Tuesday, May 20, 2014


By Maison Nteetu

Many young children would like to join schools be it primary or secondary schools to ensure they cope with the current generation. However, it is not their faults or even their parents’ if they fail to do so. They sometimes lack finances to carter their school fees and other needs. Education is becoming expensive though it has also become a basic need.

Olorika Foundation came out as the source of hope for the needy society in the year 2005. It extended from Nguruman to many places including Shompole, Oloika, Olkiramatian and Oloserian. Mr. Bonde came up with the foundation after realizing the suffering and how needy the society is.
The foundation has sponsored the following in its mission of helping the needy. 

  •  Students’ school fees payment      
  •  Provision of teachers’ salary.    
  •    Provision of water drams and 
  •    Provision of library books for some schools.

Students’ school fees payment
The foundation sponsors a hundred and fifty secondary and primary students. Seventy two students are from Olkiramatian primary school while sixty five students are in Patterson Memorial Secondary school. The other thirteen are in different secondary schools.

Some of the students are partially sponsored while others are fully sponsored. This was arrived at after realizing that other students are from extreme poverty affected families while others are from poor but not extreme poor families.45 students in primary school are partially sponsored in primary schools while 27 are fully sponsored. In secondary school, 20 students are fully sponsored while 45 are partially sponsored.

Teachers’ Salaries
 Olorika foundation pays salaries for some primary school teachers. It pays 2 Olkiramatian primary school teachers, 3 from Entasopia and one from Pakaase primary school.

The foundation donated 100 library books to Patterson Secondary school. The foundation supplied 20 tanks to the community members. These helped in the environmental conservation.
Olorika foundation beneficiaries in a meeting.
From 2012 however, there was a delay in payment of school fees. Mr. Bonde explained the situation and promised he should have not let them suffer if he was capable of controlling what he is undergoing.
Mr. Bonde is undergoing financial difficulties as his source of finances is affected by frequent attacks. He called the whole community to join him in prayers to help him out of the difficulties.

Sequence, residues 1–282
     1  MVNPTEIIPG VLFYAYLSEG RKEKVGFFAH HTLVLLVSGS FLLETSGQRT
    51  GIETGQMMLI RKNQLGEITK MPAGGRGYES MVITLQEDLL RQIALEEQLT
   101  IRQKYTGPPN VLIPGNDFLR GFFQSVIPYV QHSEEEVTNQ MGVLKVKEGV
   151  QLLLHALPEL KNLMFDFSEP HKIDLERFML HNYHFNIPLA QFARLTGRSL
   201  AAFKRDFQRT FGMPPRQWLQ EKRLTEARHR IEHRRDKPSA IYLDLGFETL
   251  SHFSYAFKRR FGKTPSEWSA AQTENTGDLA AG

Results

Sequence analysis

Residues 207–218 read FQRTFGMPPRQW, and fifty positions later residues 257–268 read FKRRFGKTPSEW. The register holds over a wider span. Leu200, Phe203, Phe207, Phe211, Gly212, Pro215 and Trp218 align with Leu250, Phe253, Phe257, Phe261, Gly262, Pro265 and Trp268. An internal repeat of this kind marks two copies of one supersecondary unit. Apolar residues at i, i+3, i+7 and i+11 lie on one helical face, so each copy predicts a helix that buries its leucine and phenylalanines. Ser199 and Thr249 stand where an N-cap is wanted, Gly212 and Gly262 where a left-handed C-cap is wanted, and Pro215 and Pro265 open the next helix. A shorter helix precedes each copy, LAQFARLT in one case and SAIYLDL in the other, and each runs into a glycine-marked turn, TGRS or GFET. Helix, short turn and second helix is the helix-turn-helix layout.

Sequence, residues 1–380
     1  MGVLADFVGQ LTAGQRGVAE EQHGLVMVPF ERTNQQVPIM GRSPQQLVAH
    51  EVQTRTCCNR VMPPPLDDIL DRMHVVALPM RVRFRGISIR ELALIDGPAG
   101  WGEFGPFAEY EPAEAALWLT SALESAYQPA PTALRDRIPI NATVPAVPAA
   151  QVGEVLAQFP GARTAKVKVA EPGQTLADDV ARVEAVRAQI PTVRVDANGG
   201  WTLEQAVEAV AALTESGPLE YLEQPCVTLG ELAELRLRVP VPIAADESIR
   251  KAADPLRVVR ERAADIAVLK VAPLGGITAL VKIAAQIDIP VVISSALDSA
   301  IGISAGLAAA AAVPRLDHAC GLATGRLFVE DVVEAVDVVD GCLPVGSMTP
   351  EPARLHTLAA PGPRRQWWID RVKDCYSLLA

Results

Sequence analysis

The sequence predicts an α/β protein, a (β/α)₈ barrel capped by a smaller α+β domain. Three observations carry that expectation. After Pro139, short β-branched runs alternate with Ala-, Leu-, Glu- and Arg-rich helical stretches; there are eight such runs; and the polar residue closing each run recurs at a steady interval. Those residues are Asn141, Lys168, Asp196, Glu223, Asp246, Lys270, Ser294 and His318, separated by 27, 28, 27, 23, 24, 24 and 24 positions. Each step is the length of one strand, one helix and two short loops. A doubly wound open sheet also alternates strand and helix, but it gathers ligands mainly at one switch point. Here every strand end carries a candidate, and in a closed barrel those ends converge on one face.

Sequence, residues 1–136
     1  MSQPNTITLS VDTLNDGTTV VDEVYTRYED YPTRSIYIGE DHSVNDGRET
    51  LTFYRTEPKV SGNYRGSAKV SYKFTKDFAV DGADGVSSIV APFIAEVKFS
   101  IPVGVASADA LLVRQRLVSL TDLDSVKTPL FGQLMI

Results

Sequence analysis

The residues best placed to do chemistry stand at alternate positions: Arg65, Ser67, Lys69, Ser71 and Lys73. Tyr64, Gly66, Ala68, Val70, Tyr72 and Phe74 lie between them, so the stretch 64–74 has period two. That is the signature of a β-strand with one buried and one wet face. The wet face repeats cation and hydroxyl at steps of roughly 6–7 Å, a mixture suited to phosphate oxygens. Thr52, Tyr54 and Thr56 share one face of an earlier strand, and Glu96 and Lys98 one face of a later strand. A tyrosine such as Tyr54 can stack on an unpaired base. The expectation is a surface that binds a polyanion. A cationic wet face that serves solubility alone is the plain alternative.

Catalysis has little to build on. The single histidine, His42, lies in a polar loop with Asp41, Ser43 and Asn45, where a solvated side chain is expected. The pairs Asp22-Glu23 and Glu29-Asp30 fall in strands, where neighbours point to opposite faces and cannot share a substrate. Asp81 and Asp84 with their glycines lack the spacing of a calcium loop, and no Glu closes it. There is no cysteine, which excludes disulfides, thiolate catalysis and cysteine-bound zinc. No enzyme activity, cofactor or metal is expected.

Mr. Bonde addressing the meeting.
“I can’t promise for any help now as I am struggling to recover from losses caused by my assailants. I will be back to help you if God help me through.” Said Mr. Bonde. 

Sunday, May 18, 2014

Crop diseases, a challenge to nguruman farmers

By Maison Nteetu

As farmers straggle to move out of bondage of poverty, crop diseases tries to make the farmer’s dream delay and sometimes kill their hopes of getting a good harvest. Crop diseases, as well as livestock diseases, act as the farmer’s stumbling block of their success.

Maize lethal necrosis disease for example, has made a lot of farmers to almost lose hope on growing maize after a serious destruction of the crops.

Some of the characteristics of the disease include among others, yellow stripes on leafs and stem of the affected plant. 

 An affected plant. photo by Maison
A good example is a farmer who planted half an acre of maize and the farm was affected by maize lethal necrosis disease. This leaves many hopeless and unwilling to continue growing crops.

After a month almost all the plants turned brown. They seem to be ready for harvest but they bear no grains.
Maize lethal necrosis disease has no cure according to plant-wise investigation. However, a plant clinic held on the first and last week of the month helps farmers to understand ways on how they can prevent their plants from being affected.
Mr Kibinge, A plant doctor analysing some samples. Photo by Maison
Some of the preventions include:
  •  Avoid moving plants from infected regions to non-infected regions to reduce spread of the disease.
  • Avoid continues planting of maize crops to stop persistence of virus and possible vectors.  Practice crop rotation.
  •  Avoid planting recycled seeds.
  • Keep the field free from weeds.

Once the plant is affected, the farmer is advised to uproot and destroy the plant by burning or burying it 1m deep.